Geographic regions affect the types of Vasculitis seen, with Granulomatosis with Polyangiitis (Wegener’s) and Eosinophilic Granulomatosis with Polyangiitis (Churg-Strauss) being more common in colder climates. Ethnicity is also a factor with Chinese and Japanese populations having more Microscopic Polyangiitis and Takayasu's Arteritis and less Granulomatosis with Polyangiitis (Wegener’s) and Eosinophilic Granulomatosis with Polyangiitis (Churg-Strauss).

The frequency of secondary Vasculitis depends on the underlying disorder and chronic viral hepatitis infection is probably the most common cause.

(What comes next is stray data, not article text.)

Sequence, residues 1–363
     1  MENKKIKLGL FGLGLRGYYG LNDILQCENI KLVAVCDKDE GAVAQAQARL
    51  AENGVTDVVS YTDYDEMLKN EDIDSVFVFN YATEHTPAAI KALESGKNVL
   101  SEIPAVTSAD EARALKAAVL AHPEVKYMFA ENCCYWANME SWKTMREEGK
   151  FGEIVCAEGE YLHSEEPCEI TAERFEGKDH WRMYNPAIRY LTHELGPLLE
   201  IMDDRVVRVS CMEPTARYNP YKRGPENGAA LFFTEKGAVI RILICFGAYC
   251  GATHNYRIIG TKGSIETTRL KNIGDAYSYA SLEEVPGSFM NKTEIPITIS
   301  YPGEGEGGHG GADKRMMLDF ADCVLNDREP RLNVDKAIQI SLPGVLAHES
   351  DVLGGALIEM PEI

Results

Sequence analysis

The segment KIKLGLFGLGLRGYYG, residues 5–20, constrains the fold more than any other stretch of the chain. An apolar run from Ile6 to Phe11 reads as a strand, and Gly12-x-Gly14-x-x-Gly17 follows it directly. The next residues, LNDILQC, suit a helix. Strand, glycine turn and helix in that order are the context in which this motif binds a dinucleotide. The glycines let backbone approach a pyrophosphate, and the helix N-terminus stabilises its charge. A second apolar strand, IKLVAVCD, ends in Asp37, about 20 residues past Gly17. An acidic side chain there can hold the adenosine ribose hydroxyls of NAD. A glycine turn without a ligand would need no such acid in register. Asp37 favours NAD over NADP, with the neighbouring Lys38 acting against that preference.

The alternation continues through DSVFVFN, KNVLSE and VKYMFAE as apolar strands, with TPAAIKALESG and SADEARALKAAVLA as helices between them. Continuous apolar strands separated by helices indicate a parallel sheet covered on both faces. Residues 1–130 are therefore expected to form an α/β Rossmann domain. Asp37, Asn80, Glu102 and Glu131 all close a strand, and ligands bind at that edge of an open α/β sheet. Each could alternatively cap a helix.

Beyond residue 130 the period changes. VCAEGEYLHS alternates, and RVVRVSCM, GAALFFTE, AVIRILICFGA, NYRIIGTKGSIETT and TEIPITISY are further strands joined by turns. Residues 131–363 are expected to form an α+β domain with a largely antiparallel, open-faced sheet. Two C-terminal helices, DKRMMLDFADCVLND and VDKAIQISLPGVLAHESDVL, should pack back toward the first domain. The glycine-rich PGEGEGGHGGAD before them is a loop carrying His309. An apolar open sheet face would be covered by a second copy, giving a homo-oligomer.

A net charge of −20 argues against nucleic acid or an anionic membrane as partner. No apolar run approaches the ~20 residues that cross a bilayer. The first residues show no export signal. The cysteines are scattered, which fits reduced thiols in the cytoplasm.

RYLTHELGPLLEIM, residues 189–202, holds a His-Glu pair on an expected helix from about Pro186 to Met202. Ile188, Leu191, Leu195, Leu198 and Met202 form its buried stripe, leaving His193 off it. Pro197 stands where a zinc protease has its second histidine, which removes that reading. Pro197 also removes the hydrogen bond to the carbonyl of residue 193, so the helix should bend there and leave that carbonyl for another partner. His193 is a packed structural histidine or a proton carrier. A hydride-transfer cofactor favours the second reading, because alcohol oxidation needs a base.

Is it hereditary or family tendency?

Not really.

There is a complex genetic predisposition which is not fully understood. Family members only have a slightly increased risk of developing Vasculitis when compared to the general population, so it is not regarded as an inherited disease.


What causes it?

A consensus view is that an environmental agent, such as a virus, triggers the disease in a genetically susceptible individual.

Environmental exposure to silica in coal mining increases the likelihood of Vasculitis but other environmental factors have not been identified. Infections, such as with the bacteria, staphylococcus and sterptococcus, have been implicated.


How would you know you had it?

This varies between the variants of Vasculitis.

Typically there is a period of time (prodromal phase) of fluctuating symptoms including tiredness, muscle aches, joint pains, headaches, fevers, sweats and weight loss.